FBG Project D-063
• Source: Yost
Mutual Life Insurance Building
- San Francisco
- Contract: Sep 1906
- Architect: Nathan Blaisdell
(for both original and reconstructed building)
- Demolished in 1919
The Mutual Life Insurance of New York company owned the building at the southeast corner of Sansome and California and occupied most of the upper floors, with the Canadian Bank of Commerce occupying the basement and first floor. By all accounts, the earthquake did minimal damage to the steel-framed 7-story stone and brick building… but there were only hours to make that judgment, as the following fire completely gutted the building. (Something that appears to have been true for most of the destruction; thousands of buildings that might have been salvageable after the quake were burned to the ground.)
The building, as shown at right, was left gutted but standing and largely structurally intact. Mutual Life finally decided to demolish the badly damaged upper floors and rebuild on top of the lower two. FBG was hired to do the demolition based on their very low bid for the work, and they removed the upper floors over a period of three months, while the Canadian Bank of Commerce continued its business in the ground floor and basement.
Exactly what rebuilding was done after the demoltion, and the configuration of the building between 1907 and 1919, has not been determined. It is also not clear if FBG did the reconstruction. The only clues that they did are Edna Yost's cryptic reference to “the Canadian Commerce Building” as one of the San Francisco project, in a separate description from the demolition of the “Mutual Life Insurance building,” and that no other contractor or note of construction has been found.
The building continued to be used by the Mutual Life Insurance company, with another bank as tenant in the ground floors, until the rebuilt structure was demolished in 1919 to rebuild the space with the 15-story Balfour Building, which still stands.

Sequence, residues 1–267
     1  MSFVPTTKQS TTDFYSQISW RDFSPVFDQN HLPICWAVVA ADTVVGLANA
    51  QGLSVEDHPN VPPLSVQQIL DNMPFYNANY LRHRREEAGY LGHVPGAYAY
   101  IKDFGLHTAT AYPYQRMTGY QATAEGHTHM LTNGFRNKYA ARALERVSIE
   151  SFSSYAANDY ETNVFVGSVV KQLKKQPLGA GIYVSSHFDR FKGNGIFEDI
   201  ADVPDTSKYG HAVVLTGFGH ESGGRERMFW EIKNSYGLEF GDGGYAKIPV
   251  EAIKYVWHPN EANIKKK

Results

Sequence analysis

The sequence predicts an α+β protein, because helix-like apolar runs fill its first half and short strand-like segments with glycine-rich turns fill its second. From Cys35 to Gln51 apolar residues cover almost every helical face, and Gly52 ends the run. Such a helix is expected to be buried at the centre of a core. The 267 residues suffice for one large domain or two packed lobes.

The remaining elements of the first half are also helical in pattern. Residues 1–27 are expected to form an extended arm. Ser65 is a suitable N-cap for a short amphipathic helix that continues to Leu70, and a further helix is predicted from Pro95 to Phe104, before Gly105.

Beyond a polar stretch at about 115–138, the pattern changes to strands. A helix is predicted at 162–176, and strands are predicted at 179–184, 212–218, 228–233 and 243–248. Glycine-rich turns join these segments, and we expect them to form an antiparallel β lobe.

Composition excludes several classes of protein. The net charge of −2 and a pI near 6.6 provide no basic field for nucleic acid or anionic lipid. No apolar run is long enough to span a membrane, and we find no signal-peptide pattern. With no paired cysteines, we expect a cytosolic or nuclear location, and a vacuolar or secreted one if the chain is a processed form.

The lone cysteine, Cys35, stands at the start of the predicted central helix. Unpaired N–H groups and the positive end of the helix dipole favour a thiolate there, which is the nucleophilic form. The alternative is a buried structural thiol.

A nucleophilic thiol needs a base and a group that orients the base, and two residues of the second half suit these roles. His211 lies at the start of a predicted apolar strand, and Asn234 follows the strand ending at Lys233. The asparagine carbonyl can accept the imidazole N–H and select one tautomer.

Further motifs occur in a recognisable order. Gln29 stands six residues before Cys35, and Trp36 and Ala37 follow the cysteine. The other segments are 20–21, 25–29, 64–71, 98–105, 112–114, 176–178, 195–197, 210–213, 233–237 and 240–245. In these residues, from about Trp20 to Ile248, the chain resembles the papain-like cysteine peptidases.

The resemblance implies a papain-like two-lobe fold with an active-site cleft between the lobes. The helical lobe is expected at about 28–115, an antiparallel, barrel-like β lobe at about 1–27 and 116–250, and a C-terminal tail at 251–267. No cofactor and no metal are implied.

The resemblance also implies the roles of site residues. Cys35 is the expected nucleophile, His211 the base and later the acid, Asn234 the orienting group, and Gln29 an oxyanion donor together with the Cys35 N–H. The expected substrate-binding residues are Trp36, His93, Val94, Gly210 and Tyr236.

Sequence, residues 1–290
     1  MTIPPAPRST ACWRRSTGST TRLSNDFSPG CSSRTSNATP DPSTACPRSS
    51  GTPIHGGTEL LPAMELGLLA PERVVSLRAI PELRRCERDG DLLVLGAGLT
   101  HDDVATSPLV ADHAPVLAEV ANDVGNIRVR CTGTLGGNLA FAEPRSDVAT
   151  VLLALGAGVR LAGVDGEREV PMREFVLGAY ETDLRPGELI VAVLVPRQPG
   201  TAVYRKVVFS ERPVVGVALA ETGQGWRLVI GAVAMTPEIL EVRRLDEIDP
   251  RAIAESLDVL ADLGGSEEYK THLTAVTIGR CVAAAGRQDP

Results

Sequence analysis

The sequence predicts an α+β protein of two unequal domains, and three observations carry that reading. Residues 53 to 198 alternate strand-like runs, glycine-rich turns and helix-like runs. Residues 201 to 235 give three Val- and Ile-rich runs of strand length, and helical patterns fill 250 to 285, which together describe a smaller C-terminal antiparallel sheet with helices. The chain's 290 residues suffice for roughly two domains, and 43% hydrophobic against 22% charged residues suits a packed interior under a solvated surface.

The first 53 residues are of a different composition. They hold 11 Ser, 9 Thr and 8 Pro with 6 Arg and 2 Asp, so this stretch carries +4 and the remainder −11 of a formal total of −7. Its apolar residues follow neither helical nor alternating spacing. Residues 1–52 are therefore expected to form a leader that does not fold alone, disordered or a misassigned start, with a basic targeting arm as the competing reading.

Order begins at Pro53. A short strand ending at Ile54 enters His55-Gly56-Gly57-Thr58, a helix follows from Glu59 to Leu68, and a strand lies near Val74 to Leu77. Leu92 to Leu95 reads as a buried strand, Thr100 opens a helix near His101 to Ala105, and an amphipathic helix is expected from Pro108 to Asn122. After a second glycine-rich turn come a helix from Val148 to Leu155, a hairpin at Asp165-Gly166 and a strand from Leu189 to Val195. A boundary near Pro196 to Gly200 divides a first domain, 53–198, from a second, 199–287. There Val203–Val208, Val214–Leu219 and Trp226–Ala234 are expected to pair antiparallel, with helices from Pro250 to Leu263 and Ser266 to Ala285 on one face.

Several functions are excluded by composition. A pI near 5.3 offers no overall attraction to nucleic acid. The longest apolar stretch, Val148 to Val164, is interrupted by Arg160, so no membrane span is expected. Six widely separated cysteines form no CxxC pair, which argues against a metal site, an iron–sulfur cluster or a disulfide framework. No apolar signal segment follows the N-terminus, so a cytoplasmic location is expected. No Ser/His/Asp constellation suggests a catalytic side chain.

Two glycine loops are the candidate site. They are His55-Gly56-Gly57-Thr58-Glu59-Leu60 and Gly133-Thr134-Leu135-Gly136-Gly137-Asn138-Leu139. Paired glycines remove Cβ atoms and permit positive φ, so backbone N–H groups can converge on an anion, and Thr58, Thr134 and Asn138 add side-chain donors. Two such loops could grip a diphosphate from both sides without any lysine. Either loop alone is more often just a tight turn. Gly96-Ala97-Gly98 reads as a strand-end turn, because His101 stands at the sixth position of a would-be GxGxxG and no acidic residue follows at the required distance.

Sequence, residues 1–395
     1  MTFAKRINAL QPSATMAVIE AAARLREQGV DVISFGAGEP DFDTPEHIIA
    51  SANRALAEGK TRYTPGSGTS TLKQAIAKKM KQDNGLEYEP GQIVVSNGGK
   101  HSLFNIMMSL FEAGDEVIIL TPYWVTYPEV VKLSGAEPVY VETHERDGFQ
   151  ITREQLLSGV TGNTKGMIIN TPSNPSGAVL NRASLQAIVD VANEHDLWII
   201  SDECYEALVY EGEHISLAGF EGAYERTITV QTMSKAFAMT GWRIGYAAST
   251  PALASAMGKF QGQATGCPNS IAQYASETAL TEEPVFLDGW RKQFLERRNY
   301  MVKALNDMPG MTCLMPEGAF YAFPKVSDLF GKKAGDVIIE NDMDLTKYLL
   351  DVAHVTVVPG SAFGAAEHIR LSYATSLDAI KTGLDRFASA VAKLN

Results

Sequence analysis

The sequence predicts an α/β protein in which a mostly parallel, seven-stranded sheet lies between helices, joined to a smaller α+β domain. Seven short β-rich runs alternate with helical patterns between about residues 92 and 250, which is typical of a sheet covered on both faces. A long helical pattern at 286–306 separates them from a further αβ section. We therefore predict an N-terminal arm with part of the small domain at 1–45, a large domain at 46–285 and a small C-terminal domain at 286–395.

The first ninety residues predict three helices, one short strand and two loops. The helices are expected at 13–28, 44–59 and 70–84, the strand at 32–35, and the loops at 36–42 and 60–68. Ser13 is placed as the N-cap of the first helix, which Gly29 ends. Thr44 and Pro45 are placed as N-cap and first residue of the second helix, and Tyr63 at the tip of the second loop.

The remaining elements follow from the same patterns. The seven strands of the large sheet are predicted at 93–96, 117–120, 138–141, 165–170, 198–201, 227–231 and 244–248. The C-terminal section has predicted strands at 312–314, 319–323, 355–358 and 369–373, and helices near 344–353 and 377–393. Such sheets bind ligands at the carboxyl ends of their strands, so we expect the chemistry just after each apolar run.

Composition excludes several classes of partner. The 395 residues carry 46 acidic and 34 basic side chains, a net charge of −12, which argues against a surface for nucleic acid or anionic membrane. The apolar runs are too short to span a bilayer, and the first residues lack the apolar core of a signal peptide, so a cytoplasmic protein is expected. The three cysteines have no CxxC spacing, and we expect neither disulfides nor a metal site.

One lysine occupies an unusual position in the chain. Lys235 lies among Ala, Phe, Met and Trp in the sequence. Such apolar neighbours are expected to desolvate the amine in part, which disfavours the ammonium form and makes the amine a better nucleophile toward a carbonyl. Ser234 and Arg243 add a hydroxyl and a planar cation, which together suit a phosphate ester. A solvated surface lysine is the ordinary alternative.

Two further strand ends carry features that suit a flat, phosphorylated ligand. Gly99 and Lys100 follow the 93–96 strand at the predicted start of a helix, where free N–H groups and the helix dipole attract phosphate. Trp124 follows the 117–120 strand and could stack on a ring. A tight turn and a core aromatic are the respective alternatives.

- Note that this building is sometimes confused with another victim of the San Francisco disaster, the Pacific Mutual Life Insurance Building. In otherwise undifferentiated photos, the PMLI building can be identified by its rectangular shape, significant structural damage and large, square window spaces instead of the smaller, ornate structure of the building under discussion above.
The Fireproofing Expert
Frank Gilbreth took the Mutual Life Building job (the part for demolition, at least) on an extremely low bid of cost plus $2,000, to ensure he'd get the contract. He, and many other builder/engineers, wanted to get their hands on the structure to see how it had survived the double disaster when other buildings had crumbled. He became something of a celebrity, writing a definitive article that was republished in many places, and speaking on the topic for the remainder of his building career.
The Canadian Bank of Commerce
The role of the Canadian Bank of Commerce in these events is both well-documented and frustratingly hard to sort out, from Edna Yost's cryptic note that one of Frank's jobs in SF was the “Canadian Commerce Building” and extending to the uncertainty of where they finally set up new offices.
- Extensively documented
- Yost, p.134, p.142
The building left after FBG's demolition-in-place was rebuilt to an unknown extent and remained until 1919. It was then razed and a new building, known as the Balfour Building, built in its place. This building still stands.
- The Mutual Life Building burning, Apr 19 or 20, 1906:
- SF Chronicle, 27 Apr 1906:
- SF Chronicle, 25 May 1906:
- The Mutual Life Building being dismantled by FBG crews, probably about October, 1906:
- Another view, probably about the same time (from Bricklaying System):
- Real Estate Record & Building Guide, 29 Sep 1906:
- SF Examiner, 14 Oct 1906:
- SF Chronicle, 9 Mar 1907; similar notices in SF Call, Engineering Record and Real Estate Record:
- Noted as case study in CHJ paper.
- Considerable additional archive material available.
In the case study for the CHG paper, I misidentified the location as the northwest corner of Sansome and California and the Bank of California building as the survivor/successor to this one. That is incorrect; Bank of California rebuilt their own building on the northwest corner, and this building's history is entirely on the southeast corner of the intersection.